On the movie side, “Harry Potter and the Deathly Hallows, Part 1” led the way with seven nominations including multiple Best Actor and Best Actress nominations, and Best Movie.
“Inception” and “Thor” had three nominations each, while “The Adjustment Bureau” and “Tron: Legacy” earned one nomination each.
Elisabeth Sladen, who passed away this past spring after becoming an icon in the Doctor Who franchise, receives her first shot at the Gene Roddenberry Award, which honors lifetime achievement. She was nominated along with “Super 8” director J.J. Abrams, former Star Trek torchbearer Rick Berman, “Star Trek” mastermind Gene L. Coon, and author H.G. Wells.
Five classic television shows are trying to reach a hall of fame of their own with the Rod Serling Award. Looking to join a class that includes the original “Star Trek,” the original “Twilight Zone,” the original “Doctor Who” and last year’s winner “Star Trek: The Next Generation” are “Babylon 5,” the original “Battlestar Galactica,” “Quantum Leap,” “Space: 1999” and “Star Trek: Deep Space Nine.”
Fans will have a chance to choose from each category once per day for 30 days beginning June 25 right here at Airlock Alpha.
The Portal Awards, formerly known as the SyFy Genre Awards, were first handed out in 1999, and have since attracted hundreds of thousands of ballots from genre fans from all over the world.
Here are this year’s nominees:
Sean Bean, “Game of Thrones”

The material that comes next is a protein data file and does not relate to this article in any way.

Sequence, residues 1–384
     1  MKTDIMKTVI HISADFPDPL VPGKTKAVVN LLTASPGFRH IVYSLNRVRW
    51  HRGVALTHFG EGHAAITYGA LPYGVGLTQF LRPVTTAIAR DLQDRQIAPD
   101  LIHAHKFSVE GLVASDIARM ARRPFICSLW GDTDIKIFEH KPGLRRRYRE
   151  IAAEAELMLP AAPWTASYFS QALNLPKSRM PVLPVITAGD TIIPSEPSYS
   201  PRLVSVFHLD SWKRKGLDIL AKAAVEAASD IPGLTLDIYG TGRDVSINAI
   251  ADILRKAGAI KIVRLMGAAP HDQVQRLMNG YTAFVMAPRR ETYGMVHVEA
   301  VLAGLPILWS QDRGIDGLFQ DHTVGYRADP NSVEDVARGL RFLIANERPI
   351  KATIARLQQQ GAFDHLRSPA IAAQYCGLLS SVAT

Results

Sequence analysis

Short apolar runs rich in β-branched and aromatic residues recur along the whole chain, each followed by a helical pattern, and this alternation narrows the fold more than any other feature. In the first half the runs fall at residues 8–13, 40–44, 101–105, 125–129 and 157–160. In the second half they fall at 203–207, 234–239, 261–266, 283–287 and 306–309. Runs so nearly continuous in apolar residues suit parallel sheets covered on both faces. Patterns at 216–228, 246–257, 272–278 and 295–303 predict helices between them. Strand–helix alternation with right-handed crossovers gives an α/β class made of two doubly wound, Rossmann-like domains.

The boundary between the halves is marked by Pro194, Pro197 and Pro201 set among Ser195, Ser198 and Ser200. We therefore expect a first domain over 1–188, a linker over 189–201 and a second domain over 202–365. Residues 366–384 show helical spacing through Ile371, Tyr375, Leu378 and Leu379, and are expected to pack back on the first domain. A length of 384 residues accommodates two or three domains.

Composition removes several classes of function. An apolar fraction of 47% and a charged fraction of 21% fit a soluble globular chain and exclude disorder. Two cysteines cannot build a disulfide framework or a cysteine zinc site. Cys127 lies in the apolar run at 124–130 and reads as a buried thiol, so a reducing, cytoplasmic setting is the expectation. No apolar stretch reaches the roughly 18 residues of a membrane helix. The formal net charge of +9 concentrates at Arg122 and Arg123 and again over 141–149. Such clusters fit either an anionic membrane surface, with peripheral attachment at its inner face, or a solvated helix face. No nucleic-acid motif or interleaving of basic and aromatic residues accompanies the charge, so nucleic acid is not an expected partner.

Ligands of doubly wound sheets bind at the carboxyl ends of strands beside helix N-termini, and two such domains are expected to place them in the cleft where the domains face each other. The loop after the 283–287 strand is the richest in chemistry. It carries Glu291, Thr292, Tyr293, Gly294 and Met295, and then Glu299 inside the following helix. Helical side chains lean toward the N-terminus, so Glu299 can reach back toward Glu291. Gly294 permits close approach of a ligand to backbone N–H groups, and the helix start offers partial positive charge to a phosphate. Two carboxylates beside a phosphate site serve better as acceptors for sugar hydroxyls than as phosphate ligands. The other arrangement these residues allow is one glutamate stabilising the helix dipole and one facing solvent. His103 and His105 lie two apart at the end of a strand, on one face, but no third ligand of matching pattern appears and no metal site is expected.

Joshua Jackson, “Fringe”
Andrew Lincoln, “Walking Dead”
Eddie McClintock, “Warehouse 13”
Matt Smith, “Doctor Who”
Karen Gillan, “Doctor Who”
Summer Glau, “The Cape”
Lena Headey, “Game of Thrones”
Paula Malcomson, “Caprica”
Anna Torv, “Fringe”
BEST SUPPORTING ACTOR/Television
David Blue, “Stargate: Universe”
Robert Carlyle, “Stargate: Universe”
Peter Dinklage, “Game of Thrones”
John Noble, “Fringe”
Saul Rubinek, “Warehouse 13”
BEST SUPPORTING ACTRESS/Television
Morena Baccarin, “V”
Jane Badler, “V”
Alaina Huffman, “Stargate: Universe”
Allison Scagliotti, “Warehouse 13”
Polly Walker, “Caprica”
The Doctor’s Wife, “Doctor Who”
Epilogue, “Stargate: Universe”
Lysergic Acid Diethylamide, “Fringe”
Winter Is Coming, “Game of Thrones”
Game of Thrones
The Walking Dead
The Adjustment Bureau
Harry Potter and the Deathly Hallows, Part 1
Leonardo DiCaprio, “Inception”
Ralph Fiennes, “Harry Potter and the Deathly Hallows, Part 1”
Rupert Grint, “Harry Potter and the Deathly Hallows, Part 1”
Chris Hemsworth, “Thor”
Daniel Radcliffe, “Harry Potter and the Deathly Hallows, Part 1”
Emily Blunt, “The Adjustment Bureau”
Helena Bonham Carter, “Harry Potter and the Deathly Hallows, Part 1”
Ellen Page, “Inception”
Natalie Portman, “Thor”
Emma Watson, “Harry Potter and the Deathly Hallows, Part 1”
GENE RODDENBERRY AWARD
Gene L. Coon
ROD SERLING AWARD
Battlestar Galactica (original)
Star Trek: Deep Space Nine
BEST SPECIAL GUEST/Television
Michael Gambon, “A Christmas Carol,” Doctor Who
Alex Kingston, “Day of the Moon,” Doctor Who
Christopher Lloyd, “The Firefly,” Fringe
Leonard Nimoy, “Lysergic Acid Diethylamide,” Fringe
Michael Rosenbaum, “Finale,” Smallville
BEST YOUNG ACTOR
Isaac Hempstead-Wright, “Game of Thrones”
Chloe Moretz, “Let Me In”
Daniel Radcliffe, “Harry Potter and the Deathly Hallows, Part 1”
Alessandra Torresani, “Caprica”
Maisie Williams, “Game of Thrones”